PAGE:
• Further the incorporation form is to be filed along with all the necessary documents.
  • Certificate of Registration is to be obtained from the Registrar of Companies (ROC).
  • Net Owned Funds (NOF) to be deposited in the company’s bank account.
  • The next step is to apply for the registration with RBI.
  • The applicant is required to file an application online with the Reserve Bank of India (RBI).
  • Once the application is submitted successfully, a reference number will be generated to facilitate the inquiry in the future.
  • Further, all the hard copies of all the submitted document have to be sent and the application the RBI regional office.
  • The accuracy of the documents shall be checked by the regional office.
  • The application shall be forwarded to the head office.
  • Online NBFC license in India shall be granted by the head office of the RBI only if the requirements under section 45-IA of the Act is fulfilled by the company.
  • The NBFC business must be commenced within 6 months from the date of the Certificate of Registration (CoR).

Post Incorporation Compliances under NBFC Regulation

  • The NBFC is required to become a member of all CICs once it has obtained COR.  
  • To register under Central Registry of Securitisation Asset Reconstruction and Security Interest (CERSAI).
  • To register with the Financial Intelligence Unit- India (FIU- IND).
  • To register with Central KYC.
  • To adopt Fair Practice Code.
  • To submit financial information to the information utilities.
  • To adopt IT Policy and Anti Money laundering Policy.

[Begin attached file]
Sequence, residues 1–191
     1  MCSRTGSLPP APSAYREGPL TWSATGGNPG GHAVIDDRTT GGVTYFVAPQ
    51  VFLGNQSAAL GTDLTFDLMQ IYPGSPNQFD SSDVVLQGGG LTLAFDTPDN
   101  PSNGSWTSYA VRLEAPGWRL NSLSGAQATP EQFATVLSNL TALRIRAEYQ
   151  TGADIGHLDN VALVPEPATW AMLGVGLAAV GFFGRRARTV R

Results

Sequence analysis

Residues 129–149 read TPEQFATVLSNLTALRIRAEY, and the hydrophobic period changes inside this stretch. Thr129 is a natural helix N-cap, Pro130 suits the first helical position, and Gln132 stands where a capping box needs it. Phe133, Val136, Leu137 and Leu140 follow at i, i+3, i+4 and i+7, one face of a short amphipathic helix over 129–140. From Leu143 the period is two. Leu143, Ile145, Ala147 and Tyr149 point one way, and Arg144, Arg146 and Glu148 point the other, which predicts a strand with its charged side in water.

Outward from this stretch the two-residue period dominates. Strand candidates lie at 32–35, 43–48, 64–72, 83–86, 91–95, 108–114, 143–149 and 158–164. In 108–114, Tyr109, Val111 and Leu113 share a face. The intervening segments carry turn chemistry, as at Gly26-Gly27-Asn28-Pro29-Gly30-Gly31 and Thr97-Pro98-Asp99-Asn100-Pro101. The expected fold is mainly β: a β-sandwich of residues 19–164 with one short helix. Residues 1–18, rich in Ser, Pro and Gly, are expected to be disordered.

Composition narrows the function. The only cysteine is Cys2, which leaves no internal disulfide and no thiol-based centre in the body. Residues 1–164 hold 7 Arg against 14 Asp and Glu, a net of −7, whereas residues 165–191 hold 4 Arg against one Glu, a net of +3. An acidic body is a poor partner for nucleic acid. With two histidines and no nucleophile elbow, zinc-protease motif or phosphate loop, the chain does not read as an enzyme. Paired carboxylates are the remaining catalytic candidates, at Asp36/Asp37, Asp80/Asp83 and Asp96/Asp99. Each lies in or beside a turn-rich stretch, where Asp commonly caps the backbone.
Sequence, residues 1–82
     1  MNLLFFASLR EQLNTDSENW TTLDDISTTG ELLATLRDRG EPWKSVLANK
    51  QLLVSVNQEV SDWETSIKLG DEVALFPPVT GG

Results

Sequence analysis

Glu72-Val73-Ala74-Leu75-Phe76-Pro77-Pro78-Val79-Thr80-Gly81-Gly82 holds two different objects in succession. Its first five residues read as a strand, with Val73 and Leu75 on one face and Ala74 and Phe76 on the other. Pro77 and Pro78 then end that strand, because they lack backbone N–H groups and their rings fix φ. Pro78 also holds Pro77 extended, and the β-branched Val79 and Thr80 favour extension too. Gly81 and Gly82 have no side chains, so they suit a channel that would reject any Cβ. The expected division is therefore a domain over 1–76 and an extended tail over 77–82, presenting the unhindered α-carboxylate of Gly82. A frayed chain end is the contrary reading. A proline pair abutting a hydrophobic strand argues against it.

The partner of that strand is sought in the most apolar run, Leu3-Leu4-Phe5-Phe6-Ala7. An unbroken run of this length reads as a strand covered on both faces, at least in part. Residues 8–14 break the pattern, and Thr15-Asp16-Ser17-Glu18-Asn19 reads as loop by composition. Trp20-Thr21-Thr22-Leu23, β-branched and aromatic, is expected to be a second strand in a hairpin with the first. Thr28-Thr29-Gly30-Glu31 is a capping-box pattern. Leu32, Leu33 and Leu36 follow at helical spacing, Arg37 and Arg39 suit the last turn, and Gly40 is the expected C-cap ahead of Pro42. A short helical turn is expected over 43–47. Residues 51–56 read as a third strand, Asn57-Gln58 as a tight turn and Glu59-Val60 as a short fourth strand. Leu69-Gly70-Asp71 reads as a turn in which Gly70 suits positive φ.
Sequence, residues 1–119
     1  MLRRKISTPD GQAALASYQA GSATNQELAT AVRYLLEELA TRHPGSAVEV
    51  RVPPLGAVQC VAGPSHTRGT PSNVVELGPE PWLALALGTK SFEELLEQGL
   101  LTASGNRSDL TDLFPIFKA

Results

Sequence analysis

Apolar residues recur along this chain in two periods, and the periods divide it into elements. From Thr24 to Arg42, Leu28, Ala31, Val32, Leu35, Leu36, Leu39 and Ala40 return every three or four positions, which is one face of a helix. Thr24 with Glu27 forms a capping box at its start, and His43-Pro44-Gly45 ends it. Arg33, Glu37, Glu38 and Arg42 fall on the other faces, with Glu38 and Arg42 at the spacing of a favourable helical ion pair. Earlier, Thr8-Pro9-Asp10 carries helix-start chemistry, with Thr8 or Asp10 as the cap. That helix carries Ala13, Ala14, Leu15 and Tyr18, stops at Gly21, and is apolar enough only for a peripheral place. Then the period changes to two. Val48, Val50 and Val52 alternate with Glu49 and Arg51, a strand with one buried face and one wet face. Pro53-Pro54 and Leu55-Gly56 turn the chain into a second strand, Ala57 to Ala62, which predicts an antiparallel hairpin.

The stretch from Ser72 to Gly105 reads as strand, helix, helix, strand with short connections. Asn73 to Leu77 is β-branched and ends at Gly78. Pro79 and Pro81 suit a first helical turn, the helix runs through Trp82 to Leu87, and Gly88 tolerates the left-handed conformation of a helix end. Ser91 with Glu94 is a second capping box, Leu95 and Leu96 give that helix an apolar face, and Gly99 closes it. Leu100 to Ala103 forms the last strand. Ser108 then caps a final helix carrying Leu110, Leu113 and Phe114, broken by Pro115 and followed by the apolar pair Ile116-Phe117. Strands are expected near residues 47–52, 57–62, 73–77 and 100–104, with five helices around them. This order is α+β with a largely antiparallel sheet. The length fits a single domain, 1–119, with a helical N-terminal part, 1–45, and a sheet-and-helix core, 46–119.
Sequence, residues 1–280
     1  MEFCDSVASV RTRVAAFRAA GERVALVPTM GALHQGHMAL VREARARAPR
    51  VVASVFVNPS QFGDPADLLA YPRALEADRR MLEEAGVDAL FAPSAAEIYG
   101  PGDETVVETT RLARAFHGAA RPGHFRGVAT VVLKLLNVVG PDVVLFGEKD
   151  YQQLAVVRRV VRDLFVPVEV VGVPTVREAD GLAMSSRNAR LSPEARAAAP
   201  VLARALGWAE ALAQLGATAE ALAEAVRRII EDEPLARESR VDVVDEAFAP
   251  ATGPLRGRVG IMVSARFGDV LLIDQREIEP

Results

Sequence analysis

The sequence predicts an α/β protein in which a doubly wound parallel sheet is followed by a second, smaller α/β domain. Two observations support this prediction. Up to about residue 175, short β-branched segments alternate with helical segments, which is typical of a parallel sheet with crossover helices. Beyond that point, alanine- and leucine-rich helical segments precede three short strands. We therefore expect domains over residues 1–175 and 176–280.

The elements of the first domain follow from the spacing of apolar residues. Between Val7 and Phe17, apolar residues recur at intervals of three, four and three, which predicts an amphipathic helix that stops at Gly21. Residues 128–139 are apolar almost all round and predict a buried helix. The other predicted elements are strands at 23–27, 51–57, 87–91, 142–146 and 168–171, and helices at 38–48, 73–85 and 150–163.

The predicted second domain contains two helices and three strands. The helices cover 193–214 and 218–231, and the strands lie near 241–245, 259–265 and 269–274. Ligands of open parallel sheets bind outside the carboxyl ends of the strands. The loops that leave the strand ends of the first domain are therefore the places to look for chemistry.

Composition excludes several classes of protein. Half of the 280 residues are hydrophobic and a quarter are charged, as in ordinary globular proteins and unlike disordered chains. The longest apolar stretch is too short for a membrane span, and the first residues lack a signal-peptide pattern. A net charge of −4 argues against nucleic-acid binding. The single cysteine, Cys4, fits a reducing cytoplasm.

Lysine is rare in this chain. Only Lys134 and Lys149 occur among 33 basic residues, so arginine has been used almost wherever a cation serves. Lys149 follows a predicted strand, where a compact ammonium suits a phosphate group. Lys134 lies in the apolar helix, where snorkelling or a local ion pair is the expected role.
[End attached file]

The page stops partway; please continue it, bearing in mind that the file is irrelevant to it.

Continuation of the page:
• To file a timely return with RBI.
  • To convene statutory meetings.
  • To maintain the accounts.
  • To file income tax return.
  • To file GST return.
  • MCA Compliances.

Regulations for NBFCs and Public Deposits

The public deposits are not allowed to be accepted by all NBFCs. Only those NBFCs who have specific authorization from the Reserve Bank of India (RBI) and have an investment-grade rating, are permitted to hold or accept public deposits up to a maximum of 1.5 times of its Net Owned Funds (NOF). The NBFC regulations in detail are: –

  • A maximum of 12.5 percent rate of Interest can be offered by an NBFC to its customers. Such interest can be compounded or be paid at a frequency of at least a month.
  • Public deposits can be accepted or renewed by NBFC for a minimum period of 12 months and a maximum period of 60 months.
  • NBFCs cannot accept deposits repayable on demand.
  • The deposits are not insured.
  • The RBI does not guarantee the repayment of deposits.

NBFCs are under the strict regulations and control by the Reserve Bank of India (RBI). A small mistake conducted by the NBFC may result to huge fine or even the suspension of license.

Conclusion

NBFCs play a very vital and important role in contributing towards the economic growth and strengthening the economic infrastructure of the country. The NBFCs are bound to adhere to the compliances of the RBI and are not allowed to provide any services that go beyond the scope of by laws. However, sometimes such restriction does not allow NBFC to operate freely, and that is why the governing authorities alter the relevant provisions every now and then to keep up with the right balance between risks and working easily. A complete overview of regulations for NBFCs has been discussed in the above article.

With the development of the economy, the need for financial credit is bound to escalate and NBFCs have the ability to contribute extremely in the growth of the Indian economy. Where earning profits is something that is a top priority for every business venture, this is not the case for NBFCs. The main purpose of NBFCs is to provide easy financial credit to the economically weaker sections of society.

Also, Read: A Complete Summary of NBFC Compliance under FEMA

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Japsanjam Kaur Wadhera

Japsanjam Kaur Wadhera is an Advocate and has completed her BA.LLB (Hons) and has experience of writing various research papers during her college time. Earlier she was working as an Associate Advocate in a reputed Law Firm. She has an extreme interest in writing legal content and her core area falls under legal enactments, tax and finance.